Antagonistic people who exhibit competitive and aggressive behavior may be at an increased risk to develop heart attack or stroke, according to a study published online Aug. 16 in Hypertension: Journal of the American Heart Association.
Angelina Sutin, PhD, of the U.S. National Institute on Aging (NIA), a component of the National Institutes of Health (NIH) in Baltimore, Md., conducted the SardiNIA Study of Aging, which enrolled 5,614 Italians from four villages in the Sardinia region of Italy to evaluate personality traits and their association with cardiovascular risk factors.
Patients had an average age of 42 and 58 percent were female.
“People who tend to be competitive and more willing to fight for their own self interests have thicker arterial walls, which is a risk factor for cardiovascular disease," said Sutin. "Agreeable people tend to be trusting, straightforward and show concern for others, while people who score high on antagonism tend to be distrustful, skeptical and at the extreme cynical, manipulative, self-centered, arrogant and quick to express anger."
Researchers administered personality questionnaires to patients asking six facets of agreeableness—trust, straightforwardness, altruisms, compliance, modesty and tender mindedness—and performed ultrasounds to determine the intima-media thickness of the carotid arteries in patients' necks.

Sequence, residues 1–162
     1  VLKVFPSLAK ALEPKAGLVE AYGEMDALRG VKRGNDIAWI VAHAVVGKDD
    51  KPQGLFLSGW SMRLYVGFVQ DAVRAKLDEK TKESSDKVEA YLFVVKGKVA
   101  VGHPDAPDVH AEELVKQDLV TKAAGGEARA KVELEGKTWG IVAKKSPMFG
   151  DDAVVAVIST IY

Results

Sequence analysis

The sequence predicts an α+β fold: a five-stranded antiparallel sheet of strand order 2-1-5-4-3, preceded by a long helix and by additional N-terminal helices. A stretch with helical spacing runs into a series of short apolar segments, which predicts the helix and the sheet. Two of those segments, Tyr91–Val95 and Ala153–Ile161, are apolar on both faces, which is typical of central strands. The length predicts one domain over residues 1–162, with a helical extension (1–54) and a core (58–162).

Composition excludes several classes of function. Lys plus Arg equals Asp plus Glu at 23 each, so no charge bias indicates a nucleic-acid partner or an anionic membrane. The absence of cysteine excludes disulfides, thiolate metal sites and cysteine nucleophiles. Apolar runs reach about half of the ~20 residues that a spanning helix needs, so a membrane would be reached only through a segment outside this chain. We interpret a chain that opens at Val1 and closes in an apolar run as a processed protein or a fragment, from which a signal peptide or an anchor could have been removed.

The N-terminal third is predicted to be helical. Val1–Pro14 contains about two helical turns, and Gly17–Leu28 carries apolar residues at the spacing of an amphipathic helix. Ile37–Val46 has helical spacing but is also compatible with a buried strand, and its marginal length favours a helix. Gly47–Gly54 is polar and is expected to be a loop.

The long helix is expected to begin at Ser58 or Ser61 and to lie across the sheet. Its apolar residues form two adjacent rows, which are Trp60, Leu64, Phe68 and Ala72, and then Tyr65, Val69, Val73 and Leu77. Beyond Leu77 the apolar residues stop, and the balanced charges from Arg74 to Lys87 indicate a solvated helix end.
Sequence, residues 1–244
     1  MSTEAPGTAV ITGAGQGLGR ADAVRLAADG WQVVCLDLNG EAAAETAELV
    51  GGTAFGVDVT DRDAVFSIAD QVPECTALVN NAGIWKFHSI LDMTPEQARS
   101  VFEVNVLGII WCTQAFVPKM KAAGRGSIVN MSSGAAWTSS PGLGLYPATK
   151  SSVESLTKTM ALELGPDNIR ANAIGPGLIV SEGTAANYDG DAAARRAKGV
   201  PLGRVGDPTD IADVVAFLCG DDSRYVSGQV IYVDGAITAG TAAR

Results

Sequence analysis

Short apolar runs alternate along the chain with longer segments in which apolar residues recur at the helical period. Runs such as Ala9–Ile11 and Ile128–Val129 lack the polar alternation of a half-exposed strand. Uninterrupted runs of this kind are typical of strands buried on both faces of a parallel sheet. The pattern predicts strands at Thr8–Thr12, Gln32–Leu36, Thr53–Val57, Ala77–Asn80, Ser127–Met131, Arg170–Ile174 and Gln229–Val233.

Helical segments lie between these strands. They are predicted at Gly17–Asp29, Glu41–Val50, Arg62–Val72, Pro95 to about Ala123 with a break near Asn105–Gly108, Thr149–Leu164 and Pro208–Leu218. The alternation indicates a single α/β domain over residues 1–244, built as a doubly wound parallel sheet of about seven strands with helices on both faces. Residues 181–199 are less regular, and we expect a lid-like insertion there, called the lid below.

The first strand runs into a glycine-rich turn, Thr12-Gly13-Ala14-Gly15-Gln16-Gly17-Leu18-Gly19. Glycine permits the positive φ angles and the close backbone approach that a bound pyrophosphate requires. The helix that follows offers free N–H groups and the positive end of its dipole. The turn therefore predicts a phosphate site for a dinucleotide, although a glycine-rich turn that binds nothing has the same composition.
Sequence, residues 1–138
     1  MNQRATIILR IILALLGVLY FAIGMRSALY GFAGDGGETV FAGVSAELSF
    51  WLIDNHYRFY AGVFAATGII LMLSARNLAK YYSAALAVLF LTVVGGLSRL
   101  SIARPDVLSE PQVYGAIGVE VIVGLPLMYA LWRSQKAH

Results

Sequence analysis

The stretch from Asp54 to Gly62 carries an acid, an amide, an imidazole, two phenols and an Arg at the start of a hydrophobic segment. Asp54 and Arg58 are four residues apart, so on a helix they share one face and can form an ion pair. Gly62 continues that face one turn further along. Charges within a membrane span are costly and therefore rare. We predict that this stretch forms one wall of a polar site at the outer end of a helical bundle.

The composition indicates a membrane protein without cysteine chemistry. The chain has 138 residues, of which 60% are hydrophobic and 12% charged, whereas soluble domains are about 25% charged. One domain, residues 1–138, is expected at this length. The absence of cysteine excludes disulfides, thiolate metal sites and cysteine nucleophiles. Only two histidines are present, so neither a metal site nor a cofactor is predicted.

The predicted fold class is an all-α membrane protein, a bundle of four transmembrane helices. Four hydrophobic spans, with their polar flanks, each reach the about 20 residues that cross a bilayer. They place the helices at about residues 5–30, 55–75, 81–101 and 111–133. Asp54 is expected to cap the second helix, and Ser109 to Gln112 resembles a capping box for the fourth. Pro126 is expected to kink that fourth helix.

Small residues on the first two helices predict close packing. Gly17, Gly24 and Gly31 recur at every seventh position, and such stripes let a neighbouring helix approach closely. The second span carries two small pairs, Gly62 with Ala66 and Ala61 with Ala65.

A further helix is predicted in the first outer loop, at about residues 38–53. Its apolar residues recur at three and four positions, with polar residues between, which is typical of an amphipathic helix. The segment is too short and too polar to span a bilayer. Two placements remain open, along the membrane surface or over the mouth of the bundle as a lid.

Results showed that those who scored higher on antagonism or low agreeableness traits had a heightened thickening of the artery walls, which predicted greater progression of arterial thickening.
The researchers also found that patients who scored at the bottom 10 percent of agreeableness and who were most antagonistic had a 40 percent increased risk for heightened intima-media thickness.
While men had more thickening of the artery walls, researchers found that antagonistic women’s risk caught up with men’s. "Women who scored high on antagonism related traits tended to close the gap, developing arterial thickness similar to antagonistic men. Whereas women with agreeable traits had much thinner arterial walls than men with agreeable traits, antagonism had a much stronger association with arterial thickness in women,” said Sutin.
Additionally, researchers screened patients for other CV risk factors including high blood pressure, cholesterol levels, triglycerides, fasting glucose and diabetes.
While normally a thickening of the artery walls is a sign of older age, the researchers found that younger patients who exhibited antagonistic traits also saw thickening of the artery walls.
“Physicians may want to examine antagonism and other facets of personality traits when considering risk factors such as smoking, weight, cholesterol levels and diabetes,” the authors wrote. “The results of this study could also help determine who might benefit from targeted interventions such as providing coping mechanisms and anger management.”
The authors concluded that the effect on the artery walls was similar to having metabolic syndrome—a risk factor for CV disease.
The study was funded by the NIA's Intramural Research Program.